Misplaced Childhood was released in the United Kingdom on 17 June 1985 by EMI Records on LP, 12″ picture disc and cassette and went on to be the band’s biggest selling album. It topped the UK Albums Chart, becoming the first and the only Marillion album to do so. It stayed on the charts for 41 weeks, the longest chart residency of any of the band’s albums. Misplaced Childhood was certified Platinum by the BPI for sales in excess of 300.000 copies on 26 November 1985 just 5 months after the release. It was the 20th best selling album in the United Kingdom for 1985.
The album was also highly successful across mainland Europe reaching number 3 in Germany, number 6 in Switzerland and the Netherlands, the country where Marillion have one of their largest fanbases, number 10 in Norway. In the United States Misplaced Childhood came out on the Capitol Records label and reached number 47 on the Billboard 200 chart, the highest position the band has ever achieved.
Three singles, “Kayleigh”, “Lavender”, and “Heart of Lothian” were released, with the first preceding the album. “Kayleigh” peaked at number 2 in the UK Singles Chart turning out to be the biggest hit for Marillion and prompting the success of Misplaced Childhood. The two further singles were less successful but still ended up at high positions as “Lavender” reached number 5 and “Heart of Lothian” peaked at number 29.
In April 2015, it was announced that Fish would be performing a 30th anniversary tour of Misplaced Childhood, playing the album in full for the very last time. (by wikipedia)
The Picture Disc
After the album-tour-album cycle of Script for a Jester’s Tear, Fugazi, and the subsequent Euro-only release of Real to Reel, Marillion retreated to Berlin’s Hansa Ton Studios with Rolling Stones producer Chris Kimsey to work on their next opus. Armed with a handful of lyrics born out of a self-confessed acid trip, Fish came up with the elaborate concept for 1985’s Misplaced Childhood. Touching upon his early childhood experiences and his inability to deal with a slew of bad breakups exacerbated by a never-ending series of rock star-type “indulgences,” Misplaced Childhood would prove to be not only the band’s most accomplished release to date, but also its most streamlined. Initial record company skepticism over the band’s decision to forge ahead with a ’70s-style prog rock opus split into two halves (sides one and two) quickly evaporated as Marillion delivered its two most commercial singles ever: “Kayleigh” and “Lavender.” With its lush production and punchy mix, the album went on to become the band’s greatest commercial triumph, especially in Europe where they would rise from theater attraction to bona fide stadium royalty. The subsequent U.S. success of “Kayleigh” would also see Marillion returning to the States for a difficult tour as Rush’s support act. (by John Franck)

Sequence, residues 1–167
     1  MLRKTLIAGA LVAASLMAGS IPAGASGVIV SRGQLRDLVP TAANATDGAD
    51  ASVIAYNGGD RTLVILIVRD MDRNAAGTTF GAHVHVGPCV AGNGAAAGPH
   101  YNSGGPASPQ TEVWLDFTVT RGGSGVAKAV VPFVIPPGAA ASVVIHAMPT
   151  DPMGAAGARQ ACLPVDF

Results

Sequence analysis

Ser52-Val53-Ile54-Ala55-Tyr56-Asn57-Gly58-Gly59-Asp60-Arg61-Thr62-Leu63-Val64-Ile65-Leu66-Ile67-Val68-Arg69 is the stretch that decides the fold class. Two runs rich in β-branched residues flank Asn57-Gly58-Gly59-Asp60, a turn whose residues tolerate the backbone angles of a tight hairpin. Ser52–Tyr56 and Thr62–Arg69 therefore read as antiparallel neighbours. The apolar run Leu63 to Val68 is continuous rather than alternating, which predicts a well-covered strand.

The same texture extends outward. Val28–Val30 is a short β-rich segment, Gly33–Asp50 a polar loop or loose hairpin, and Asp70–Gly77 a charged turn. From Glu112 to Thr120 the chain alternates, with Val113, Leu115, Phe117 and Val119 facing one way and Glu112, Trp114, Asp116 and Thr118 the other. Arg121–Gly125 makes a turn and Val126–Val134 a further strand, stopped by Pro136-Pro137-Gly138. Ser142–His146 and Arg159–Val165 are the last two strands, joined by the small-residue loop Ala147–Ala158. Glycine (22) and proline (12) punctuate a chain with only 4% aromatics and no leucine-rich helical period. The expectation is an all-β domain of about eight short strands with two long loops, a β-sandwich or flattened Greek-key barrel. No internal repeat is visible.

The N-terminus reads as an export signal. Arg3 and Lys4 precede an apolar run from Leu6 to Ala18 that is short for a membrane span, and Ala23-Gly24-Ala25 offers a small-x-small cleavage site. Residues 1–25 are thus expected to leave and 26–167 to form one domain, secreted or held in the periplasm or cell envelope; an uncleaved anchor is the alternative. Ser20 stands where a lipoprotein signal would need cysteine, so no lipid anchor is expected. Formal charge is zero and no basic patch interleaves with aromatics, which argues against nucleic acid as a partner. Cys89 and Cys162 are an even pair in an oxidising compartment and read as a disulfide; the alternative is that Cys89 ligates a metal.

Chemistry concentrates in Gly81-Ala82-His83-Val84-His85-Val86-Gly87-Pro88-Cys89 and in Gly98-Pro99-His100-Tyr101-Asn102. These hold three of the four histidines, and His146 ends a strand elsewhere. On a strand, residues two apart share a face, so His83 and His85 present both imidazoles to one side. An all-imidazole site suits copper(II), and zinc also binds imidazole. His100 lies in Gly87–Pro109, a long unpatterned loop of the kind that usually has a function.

Derek William “Fish” Dick (vocals)
Mark Kelly (keyboards)
Ian Mosley (drums, percussion)
Steve Rothery (guitar)
Pete Trewavas (bass)
01. Pseudo Silk Kimono 2.15
02. Kayleigh 4.04
03. Lavender 2.28
04. Bitter Suite 7.53
04.1. Brief Encounter
04.2. Lost Weekend
04.3. Blue Angel
04.4. Misplaced Rendezvous
04.5. Windswept Thumb
05. Heart of Lothian 4.08
05.1. Wide Boy
05.2. Curtain Call
06. Waterhole (Expresso Bongo) 2.13
07. Lords Of The Backstage 1.53
08. Blind Curve 9.30
08.1. Vocal Under A Bloodlight
08.2. Passing Strangers
08.4. Perimeter Walk
09. Childhoods End? 4.33
10. White Feather 2.24
All lyrics written by Fish, all music composed by Mark Kelly, Ian Mosley, Steve Rothery and Pete Trewavas.